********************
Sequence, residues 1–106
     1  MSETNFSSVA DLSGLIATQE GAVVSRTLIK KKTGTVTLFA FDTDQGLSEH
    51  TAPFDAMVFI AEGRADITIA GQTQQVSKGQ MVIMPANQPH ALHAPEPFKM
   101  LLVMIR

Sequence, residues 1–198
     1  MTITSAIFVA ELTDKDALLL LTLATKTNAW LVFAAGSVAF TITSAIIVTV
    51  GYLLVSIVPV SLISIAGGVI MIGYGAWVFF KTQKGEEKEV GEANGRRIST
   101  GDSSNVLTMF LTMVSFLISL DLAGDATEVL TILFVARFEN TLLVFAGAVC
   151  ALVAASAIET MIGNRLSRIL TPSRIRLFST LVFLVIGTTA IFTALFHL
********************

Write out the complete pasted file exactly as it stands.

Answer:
Sequence, residues 1–106
     1  MSETNFSSVA DLSGLIATQE GAVVSRTLIK KKTGTVTLFA FDTDQGLSEH
    51  TAPFDAMVFI AEGRADITIA GQTQQVSKGQ MVIMPANQPH ALHAPEPFKM
   101  LLVMIR

Sequence, residues 1–198
     1  MTITSAIFVA ELTDKDALLL LTLATKTNAW LVFAAGSVAF TITSAIIVTV
    51  GYLLVSIVPV SLISIAGGVI MIGYGAWVFF KTQKGEEKEV GEANGRRIST
   101  GDSSNVLTMF LTMVSFLISL DLAGDATEVL TILFVARFEN TLLVFAGAVC
   151  ALVAASAIET MIGNRLSRIL TPSRIRLFST LVFLVIGTTA IFTALFHL